Tuesday, July 24, 2012

The Pulse of Cougar Nation: Receivers/Tight Ends

Associated Press

2010 was a transition year for BYU. A quarterback controversy delayed the development of both QBs involved, and BYU's overall team passing attack suffered, even with the strong finish by former BYU QB Jake Heaps.

Because of the strong finish and the addition of Heaps' favorite target Ross Apo, many expected great things from Heaps in 2011, so a slow start, magnified by a turnover-laden 54-10 loss to rival Utah, frustrated fans (and probably coaches). After another slow start against Utah State forced coaches to throw Riley Nelson into the game. Nelson rallied BYU to a victory in the closing seconds, and he won the job for the rest of the year.

Nelson formed a very strong connection with Cody Hoffman, who finished the season strong with three TD catches in the bowl game against Tulsa. Throughout the second half of the season, Hoffman seemed to be on the receiving end of a lot of Riley improv.
A lot of BYU receivers return for 2012, including four of the top 5 from last season. Hoffman, Apo, JD Falslev and Marcus Matthews all were solid contributors in 2011, and fans are excited at the potential of BYU's air attack in 2011.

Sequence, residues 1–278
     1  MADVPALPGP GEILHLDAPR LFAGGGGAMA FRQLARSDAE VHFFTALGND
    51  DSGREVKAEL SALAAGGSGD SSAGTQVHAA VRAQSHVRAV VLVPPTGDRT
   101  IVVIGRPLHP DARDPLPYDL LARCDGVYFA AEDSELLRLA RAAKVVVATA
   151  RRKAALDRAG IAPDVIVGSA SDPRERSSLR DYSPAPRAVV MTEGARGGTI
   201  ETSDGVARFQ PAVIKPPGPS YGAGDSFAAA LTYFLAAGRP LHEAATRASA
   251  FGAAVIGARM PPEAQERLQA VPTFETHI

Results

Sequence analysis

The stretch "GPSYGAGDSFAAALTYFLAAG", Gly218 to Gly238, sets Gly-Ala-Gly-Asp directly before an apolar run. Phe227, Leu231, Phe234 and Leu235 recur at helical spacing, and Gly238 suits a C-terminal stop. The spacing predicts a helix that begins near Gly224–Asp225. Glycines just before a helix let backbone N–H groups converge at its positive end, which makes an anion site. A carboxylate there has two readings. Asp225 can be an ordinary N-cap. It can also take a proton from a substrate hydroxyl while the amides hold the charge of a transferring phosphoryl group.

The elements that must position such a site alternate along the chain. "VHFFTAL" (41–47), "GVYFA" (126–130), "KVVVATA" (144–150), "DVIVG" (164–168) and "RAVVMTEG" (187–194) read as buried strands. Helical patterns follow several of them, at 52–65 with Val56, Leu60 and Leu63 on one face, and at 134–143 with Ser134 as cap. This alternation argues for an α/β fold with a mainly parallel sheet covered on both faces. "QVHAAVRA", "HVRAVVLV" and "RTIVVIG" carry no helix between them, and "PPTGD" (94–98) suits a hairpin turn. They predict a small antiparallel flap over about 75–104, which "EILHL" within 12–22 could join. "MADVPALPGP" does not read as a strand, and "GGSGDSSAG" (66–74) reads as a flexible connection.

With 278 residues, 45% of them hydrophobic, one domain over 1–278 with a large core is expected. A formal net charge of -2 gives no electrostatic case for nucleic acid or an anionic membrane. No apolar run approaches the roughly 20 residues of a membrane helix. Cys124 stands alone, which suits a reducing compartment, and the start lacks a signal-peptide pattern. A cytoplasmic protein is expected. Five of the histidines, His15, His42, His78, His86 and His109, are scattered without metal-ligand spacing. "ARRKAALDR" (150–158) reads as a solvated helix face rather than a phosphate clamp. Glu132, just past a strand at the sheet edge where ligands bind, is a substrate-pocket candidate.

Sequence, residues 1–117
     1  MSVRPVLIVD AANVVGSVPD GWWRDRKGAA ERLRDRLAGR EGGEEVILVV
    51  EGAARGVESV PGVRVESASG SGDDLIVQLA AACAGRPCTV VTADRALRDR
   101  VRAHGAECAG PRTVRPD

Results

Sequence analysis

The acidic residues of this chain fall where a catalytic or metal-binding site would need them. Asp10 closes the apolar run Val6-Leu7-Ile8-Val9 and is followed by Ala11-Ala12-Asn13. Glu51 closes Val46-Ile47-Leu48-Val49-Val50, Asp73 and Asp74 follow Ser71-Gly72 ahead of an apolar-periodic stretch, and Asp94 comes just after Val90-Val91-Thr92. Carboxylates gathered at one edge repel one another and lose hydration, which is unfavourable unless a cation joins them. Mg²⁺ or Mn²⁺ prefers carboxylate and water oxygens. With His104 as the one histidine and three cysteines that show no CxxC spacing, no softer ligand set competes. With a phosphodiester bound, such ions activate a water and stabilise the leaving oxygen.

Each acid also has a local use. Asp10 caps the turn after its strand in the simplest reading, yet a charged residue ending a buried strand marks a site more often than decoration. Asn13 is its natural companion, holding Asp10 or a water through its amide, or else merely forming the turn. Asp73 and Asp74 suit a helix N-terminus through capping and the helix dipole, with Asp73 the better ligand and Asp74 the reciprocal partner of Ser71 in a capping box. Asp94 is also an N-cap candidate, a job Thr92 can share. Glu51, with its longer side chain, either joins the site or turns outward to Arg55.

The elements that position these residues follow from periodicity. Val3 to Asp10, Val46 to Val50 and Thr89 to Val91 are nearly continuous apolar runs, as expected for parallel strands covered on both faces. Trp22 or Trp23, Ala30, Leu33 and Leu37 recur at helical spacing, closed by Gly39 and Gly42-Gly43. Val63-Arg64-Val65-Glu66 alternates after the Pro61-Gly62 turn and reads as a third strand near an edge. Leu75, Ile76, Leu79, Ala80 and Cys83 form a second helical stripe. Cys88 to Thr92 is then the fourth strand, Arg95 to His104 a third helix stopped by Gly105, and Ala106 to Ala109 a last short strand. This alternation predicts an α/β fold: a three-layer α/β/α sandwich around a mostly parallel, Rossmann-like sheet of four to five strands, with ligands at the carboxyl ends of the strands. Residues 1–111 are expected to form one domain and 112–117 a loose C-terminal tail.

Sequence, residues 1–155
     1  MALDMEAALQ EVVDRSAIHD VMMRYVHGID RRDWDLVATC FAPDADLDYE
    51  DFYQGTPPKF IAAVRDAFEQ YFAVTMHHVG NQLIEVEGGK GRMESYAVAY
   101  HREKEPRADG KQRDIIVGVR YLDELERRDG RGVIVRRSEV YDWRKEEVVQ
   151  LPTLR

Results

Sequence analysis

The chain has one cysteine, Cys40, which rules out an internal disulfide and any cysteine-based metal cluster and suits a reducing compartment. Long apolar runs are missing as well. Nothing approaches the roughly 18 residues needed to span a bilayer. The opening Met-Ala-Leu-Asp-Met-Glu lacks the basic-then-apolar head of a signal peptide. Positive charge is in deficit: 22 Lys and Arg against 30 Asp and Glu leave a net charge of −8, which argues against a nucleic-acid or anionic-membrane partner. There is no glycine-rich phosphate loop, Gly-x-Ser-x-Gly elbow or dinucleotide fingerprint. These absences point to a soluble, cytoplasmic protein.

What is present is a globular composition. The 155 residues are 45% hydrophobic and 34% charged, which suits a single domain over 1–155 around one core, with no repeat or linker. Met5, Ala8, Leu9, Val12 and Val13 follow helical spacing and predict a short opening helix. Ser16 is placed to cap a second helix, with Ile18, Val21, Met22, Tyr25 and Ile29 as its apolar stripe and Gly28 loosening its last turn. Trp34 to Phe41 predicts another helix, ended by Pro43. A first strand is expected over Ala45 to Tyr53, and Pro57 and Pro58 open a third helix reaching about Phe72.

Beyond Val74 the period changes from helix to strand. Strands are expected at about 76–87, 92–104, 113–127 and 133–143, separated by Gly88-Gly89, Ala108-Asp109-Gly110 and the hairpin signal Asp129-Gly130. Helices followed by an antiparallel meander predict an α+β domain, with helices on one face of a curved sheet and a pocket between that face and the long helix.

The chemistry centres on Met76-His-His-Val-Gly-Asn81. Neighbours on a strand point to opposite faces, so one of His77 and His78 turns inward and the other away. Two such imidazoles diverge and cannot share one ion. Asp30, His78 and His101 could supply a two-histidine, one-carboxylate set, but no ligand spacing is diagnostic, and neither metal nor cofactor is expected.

Here's what Cougar Nation thought:

AVERAGE RESPONSE: About 3,300 yards

AVERAGE RESPONSE: 2.3 receivers

AVERAGE RESPONSE: About 7.3 TD catches

AVERAGE RESPONSE: About 24.2 TD catches

BYU's receivers and tight ends don't appear to be lacking in chemistry with Riley Nelson, so there's optimism among Cougar fans. While Cody Hoffman was the only receiver with more than 500 yards receiving last year, the vast majority of fans believe that won't be the case in 2012. 2011 played out like that partially because of the lack of health/inconsistency among BYU tight ends and running backs. This caused an increase in playing time among other potential targets for Riley, which helped spread the passing yardage around.

It's not even a little bit surprising to see Cody Hoffman as the almost-unanimous selection for top 2012 receiving. Not even a little bit.